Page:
She Earned It: Claiming Your Degree New Push for #ImmodestWomen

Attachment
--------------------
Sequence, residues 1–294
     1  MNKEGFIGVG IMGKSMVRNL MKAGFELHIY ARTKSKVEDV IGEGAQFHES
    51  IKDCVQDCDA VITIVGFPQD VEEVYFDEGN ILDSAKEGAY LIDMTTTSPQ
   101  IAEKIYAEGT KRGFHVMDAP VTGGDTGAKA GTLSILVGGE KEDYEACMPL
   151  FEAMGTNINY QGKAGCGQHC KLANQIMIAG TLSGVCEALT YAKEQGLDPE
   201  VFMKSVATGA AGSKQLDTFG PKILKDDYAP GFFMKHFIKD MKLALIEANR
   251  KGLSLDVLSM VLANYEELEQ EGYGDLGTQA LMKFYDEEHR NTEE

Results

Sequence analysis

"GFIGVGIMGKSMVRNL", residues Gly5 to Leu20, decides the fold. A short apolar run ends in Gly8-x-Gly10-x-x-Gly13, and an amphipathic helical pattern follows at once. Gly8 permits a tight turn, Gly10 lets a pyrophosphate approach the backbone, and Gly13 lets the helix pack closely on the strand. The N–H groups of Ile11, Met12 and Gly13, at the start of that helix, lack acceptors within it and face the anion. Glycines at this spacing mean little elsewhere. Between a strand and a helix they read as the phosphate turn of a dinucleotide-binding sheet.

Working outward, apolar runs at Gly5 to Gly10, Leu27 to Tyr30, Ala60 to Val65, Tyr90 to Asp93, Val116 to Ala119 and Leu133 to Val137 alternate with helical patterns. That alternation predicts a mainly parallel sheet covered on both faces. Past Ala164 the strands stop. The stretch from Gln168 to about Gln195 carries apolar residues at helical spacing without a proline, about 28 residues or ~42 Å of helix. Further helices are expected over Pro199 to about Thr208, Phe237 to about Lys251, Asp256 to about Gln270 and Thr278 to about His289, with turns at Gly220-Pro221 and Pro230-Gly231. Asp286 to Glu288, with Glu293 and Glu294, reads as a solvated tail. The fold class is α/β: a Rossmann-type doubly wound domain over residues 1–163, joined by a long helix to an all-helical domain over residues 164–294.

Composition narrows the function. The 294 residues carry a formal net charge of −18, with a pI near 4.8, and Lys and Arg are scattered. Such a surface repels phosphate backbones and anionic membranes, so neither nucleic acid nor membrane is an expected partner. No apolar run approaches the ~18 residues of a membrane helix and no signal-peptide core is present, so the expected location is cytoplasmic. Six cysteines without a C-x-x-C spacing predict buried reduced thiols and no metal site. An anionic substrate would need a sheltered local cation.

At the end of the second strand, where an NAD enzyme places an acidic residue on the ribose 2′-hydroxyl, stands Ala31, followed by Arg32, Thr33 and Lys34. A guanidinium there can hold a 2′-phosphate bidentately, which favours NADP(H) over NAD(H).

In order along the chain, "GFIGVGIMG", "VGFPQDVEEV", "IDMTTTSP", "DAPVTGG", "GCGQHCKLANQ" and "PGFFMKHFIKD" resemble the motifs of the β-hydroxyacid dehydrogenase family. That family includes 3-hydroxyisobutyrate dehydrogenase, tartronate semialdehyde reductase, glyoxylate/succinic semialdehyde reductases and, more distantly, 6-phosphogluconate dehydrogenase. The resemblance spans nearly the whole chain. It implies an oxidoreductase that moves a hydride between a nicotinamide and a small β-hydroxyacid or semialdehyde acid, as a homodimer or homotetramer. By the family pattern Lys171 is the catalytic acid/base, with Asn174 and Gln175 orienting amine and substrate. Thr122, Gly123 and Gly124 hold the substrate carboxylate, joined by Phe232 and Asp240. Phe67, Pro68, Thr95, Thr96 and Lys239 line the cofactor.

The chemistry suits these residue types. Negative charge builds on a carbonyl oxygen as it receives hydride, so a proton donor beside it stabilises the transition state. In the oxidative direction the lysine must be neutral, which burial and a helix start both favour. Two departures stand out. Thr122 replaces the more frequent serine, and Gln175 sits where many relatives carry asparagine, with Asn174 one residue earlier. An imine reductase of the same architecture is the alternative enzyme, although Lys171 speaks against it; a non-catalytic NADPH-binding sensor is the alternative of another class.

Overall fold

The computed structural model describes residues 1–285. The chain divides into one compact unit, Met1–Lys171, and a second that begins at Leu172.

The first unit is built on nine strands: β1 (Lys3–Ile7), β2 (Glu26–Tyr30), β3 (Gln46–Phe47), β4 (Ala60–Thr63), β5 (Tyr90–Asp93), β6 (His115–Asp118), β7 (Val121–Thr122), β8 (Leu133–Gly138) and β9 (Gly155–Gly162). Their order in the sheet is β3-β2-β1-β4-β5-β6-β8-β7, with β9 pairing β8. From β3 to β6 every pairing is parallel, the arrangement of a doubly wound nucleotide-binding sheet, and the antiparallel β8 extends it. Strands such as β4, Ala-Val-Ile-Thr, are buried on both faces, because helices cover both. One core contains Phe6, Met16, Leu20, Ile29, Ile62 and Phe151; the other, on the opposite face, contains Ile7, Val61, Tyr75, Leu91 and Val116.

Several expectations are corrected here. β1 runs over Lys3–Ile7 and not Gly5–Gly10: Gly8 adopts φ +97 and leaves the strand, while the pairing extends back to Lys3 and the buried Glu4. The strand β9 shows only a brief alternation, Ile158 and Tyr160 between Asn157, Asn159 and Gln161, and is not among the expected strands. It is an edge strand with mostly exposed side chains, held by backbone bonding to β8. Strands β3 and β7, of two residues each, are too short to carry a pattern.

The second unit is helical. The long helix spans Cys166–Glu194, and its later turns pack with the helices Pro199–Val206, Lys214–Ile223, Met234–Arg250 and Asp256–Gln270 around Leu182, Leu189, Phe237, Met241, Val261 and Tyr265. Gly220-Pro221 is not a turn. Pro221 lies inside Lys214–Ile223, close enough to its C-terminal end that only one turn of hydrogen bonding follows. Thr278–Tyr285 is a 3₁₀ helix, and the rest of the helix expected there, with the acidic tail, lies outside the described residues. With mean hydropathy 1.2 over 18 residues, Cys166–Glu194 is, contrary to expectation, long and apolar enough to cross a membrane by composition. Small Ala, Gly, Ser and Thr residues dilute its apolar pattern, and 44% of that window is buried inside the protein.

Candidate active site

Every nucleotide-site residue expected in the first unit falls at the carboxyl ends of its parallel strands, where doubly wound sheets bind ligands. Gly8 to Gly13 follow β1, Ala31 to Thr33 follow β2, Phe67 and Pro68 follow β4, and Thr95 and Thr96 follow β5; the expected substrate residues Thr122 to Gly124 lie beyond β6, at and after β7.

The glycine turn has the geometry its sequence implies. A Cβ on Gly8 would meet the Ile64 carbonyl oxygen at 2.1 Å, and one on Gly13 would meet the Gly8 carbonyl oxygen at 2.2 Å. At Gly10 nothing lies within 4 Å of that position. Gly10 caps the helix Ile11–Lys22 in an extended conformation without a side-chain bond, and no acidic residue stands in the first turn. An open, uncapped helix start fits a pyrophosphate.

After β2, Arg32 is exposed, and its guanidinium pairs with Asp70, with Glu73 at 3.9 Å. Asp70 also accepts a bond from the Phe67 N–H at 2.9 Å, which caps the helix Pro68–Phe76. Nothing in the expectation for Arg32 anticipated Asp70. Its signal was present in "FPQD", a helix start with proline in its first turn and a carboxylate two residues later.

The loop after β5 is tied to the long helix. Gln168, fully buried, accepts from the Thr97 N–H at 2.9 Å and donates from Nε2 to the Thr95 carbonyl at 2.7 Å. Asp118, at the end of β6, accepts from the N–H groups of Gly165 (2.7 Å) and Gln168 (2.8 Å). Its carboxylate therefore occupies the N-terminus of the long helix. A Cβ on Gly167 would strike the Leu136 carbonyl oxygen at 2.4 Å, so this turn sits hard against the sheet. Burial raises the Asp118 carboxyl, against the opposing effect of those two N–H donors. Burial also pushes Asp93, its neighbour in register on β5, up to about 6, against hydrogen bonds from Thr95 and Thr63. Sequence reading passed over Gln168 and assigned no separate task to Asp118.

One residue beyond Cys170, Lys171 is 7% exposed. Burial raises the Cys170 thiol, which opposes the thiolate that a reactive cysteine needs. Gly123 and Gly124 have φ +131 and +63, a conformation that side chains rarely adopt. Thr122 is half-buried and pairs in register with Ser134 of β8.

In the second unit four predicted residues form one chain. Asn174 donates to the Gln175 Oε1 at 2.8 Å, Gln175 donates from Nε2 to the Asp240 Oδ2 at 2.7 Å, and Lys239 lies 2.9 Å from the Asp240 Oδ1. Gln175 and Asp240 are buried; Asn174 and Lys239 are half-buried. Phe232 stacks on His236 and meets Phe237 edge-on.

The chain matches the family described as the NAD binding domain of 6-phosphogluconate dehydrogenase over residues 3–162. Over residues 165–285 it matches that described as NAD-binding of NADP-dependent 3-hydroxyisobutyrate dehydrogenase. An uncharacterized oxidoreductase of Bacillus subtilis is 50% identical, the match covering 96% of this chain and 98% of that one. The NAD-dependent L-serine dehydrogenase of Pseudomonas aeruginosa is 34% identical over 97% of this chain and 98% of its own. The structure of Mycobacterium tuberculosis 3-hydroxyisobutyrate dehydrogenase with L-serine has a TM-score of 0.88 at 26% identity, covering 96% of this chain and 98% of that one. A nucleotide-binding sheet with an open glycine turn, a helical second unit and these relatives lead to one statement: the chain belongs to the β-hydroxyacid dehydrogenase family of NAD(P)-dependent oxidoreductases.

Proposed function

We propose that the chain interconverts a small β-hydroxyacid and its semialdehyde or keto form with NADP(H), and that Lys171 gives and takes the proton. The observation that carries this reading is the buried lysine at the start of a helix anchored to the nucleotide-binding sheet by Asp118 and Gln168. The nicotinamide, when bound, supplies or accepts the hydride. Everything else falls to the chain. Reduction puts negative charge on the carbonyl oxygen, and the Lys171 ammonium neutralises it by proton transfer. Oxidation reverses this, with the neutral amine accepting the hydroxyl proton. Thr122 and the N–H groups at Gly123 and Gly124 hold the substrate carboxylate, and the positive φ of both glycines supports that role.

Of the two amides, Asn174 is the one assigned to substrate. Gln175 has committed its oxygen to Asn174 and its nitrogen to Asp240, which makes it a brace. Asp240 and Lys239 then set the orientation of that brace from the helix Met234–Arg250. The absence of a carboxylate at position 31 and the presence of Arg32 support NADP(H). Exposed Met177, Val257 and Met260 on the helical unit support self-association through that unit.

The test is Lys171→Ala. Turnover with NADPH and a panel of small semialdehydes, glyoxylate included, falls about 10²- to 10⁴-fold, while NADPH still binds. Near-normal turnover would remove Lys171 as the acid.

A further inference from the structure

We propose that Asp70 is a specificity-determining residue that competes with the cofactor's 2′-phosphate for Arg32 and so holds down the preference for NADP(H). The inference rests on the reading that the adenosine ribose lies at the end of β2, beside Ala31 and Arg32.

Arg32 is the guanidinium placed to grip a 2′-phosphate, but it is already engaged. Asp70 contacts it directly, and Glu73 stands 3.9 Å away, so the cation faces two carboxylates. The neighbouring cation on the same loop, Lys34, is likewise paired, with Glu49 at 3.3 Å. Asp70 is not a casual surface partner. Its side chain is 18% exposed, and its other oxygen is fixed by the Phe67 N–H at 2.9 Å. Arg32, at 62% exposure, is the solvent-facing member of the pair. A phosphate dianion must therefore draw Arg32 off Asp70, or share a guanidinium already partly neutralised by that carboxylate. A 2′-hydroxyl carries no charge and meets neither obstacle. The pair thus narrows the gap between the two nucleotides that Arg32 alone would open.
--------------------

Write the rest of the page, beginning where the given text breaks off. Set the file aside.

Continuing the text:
Beyond the Imposter Syndrome – and perhaps a sidebar to it— is a new social media push calling out for women to declare their doctoral degrees and use the title they earned. The trending #ImmodestWomen and #ImmodestWoman are gathering steam with tens of thousands of retweets and comments.“Mansplaining is firmly rooted in the modern sexism lexicon. But as the #immodestwomen trend shows, the world of gender and qualifications goes beyond this: it is not simply that some men who have no knowledge of a subject assume they do, it is that women who actually do have the expertise are told they must act as if they do not,” Frances Ryan writes in The Guardian.[bctt tweet=“A new push for women in science to claim their degrees is #ImmodestWomen.” username=“takeleadwomen”]“Tellingly, there is now even a parody account created to mock Dr. Riddell, as if to warn other women to ‘know your place.’ Be it a PhD or any skill, there’s something quite satisfying about stopping this downplaying of our talents and hard work – to refuse to conform to the inoffensive and subordinate box some men would still put us in. #Immodestwomen are breaking out,” Ryan writes.This backlash comes at a time when new research and evidence documents discrimination and harassment against women in science.A new report in the National Academies of Sciences, Engineering, and Medicine “describes pervasive and damaging gender harassment—behaviors that belittle women and make them feel they don’t belong, including sexist comments and demeaning jokes. Between 17 percent and 50 percent of female science and medical students reported this kind of harassment in large surveys conducted by two major university systems across 36 campuses,” Meredith Wadman writes in Science Magazine,“We are trying to bring to the fore the concept of gender harassment,” anthropologist Kate Clancy of the University of Illinois in Urbana, an author of the report told Wadman. “The vast majority of sexual harassment that occurs is sexist hostility and crude behavior. And the literature supports that these everyday experiences may have as bad or worse personal and professional consequences as things like unwanted sexual advances.”Related to the need to reach gender parity and equity of treatment for women in science, is the need to reach gender parity in healthcare leadership. Recently 50 Women Can Change the World in Healthcare Leadership Program launched at the Arizona Hospital and Healthcare Association, led by Lisa Mead, Take The Lead leadership ambassador and founder of Arizona Women in Healthcare, a networking group that focuses on promoting, recognizing, inspiring and developing women in all sectors of the healthcare industry.[bctt tweet=“Related to the need to reach #genderparity and equity of treatment for women in science, is the need to reach gender parity in healthcare leadership.” username=“takeleadwomen”]“The program’s curriculum directly addresses women’s ambivalent relationship with power, dealing with internal as well as external barriers, and changing the equation from the outdated ‘power OVER’ to a more current, collaborative and creative ‘power TO’—an approach much better suited to the very women’s leadership styles that are bringing higher profits to businesses,” says Gloria Feldt, co-founder and president of Take The Lead.The inequities for women in science is a global issue, writes University of Queensland’s Dominique Potvin in The Conversation. “Published research from my colleagues and I shows that globally, women make up about 33 percent of zoological society boards, and about 25 percent of executive positions (presidents, vice presidents, treasurers and secretaries). “Potvin writes, “While still short of equality, this represents a trend in the right direction. And we can take some lessons from some of the finer points of our analysis to address gender equity in science leadership more broadly. To that end, we’ve created a Gender Equality Checklist for scientists to apply in their own professional operations.”These include: “Outline a mission statement in your constitution or on your website regarding inclusion, diversity and/or anti-discrimination; have written and enforceable grievance policies and procedures for harassment; commit to blind objective reviewing for conference papers, grants, scholarships and awards.”According to Potvin, “Scientific societies may, at first glance, appear to play a small role in the life of an academic: we pay our membership fees, attend a conference or two, and encourage our students to apply for small societal grants. However, the role of the scientific society in the pursuit of gender equality in science and related fields is likely bigger than we have previously thought (if we have thought about it at all). The seemingly sluggish rate of improvement for women in science can tend to inspire hopelessness. This is symptomatic of institutional culture, with staff turnovers and bureaucracy in general being slow processes, some taking decades to visibly change.”There is hope, Potvin writes. “The young membership, frequency of elections and more relaxed networks that used to contribute to a reputation of an “old boys’ club” feel of societies may now be positive influences on female promotion.”Networking groups offer support to women scientists, including 500 Women Scientists formed in 2016, Anne Stych writes in BizJournals. The group “compiled a list of examples of bias and harassment that its members have experienced during their careers.”Stych writes that these include, “Being told that women make better graduate students because their handwriting is easier to read and they are more organized and tidy. Being excluded from outside-of work activities where work — casual science chatter, papers, and proposals — is inevitably discussed. Being chastised to respect the opinions of older male scientists when confronting their incorrect criticism. Getting a teleconference call to give a talk and having the moderator say “Oh, you’re a woman. I guess we can work with that.”In public thought leadership women find it more difficult to establish credentials and to be recognized in public forums. Marina Joubert, Science Communication Researcher at Stellenbosch Universitywrites in the Mail & Guardian that “researchers have shown that public engagement could hinder female scientists’ academic progress.”[bctt tweet=“Here is an immodest proposal for #ImmodestWomen: Claim your degree, your title, your experience, your expertise. And support every #ImmodestWoman you encounter.” username=“takeleadwomen”]Joubert asks, “So whose role is it to improve the visibility of scientists who are not white men? For instance, universities can promote women and black scientists to the media by featuring them in press releases and ensuring they appear in online expert lists. Young, black women in science can also gain visibility via popular science events such as Pint of Science and Famelab. It is also up to women scientists to become proactive users of social media.”Here is an immodest proposal for #ImmodestWomen: Claim your degree, your title, your experience, your expertise. And support every #ImmodestWoman you encounter.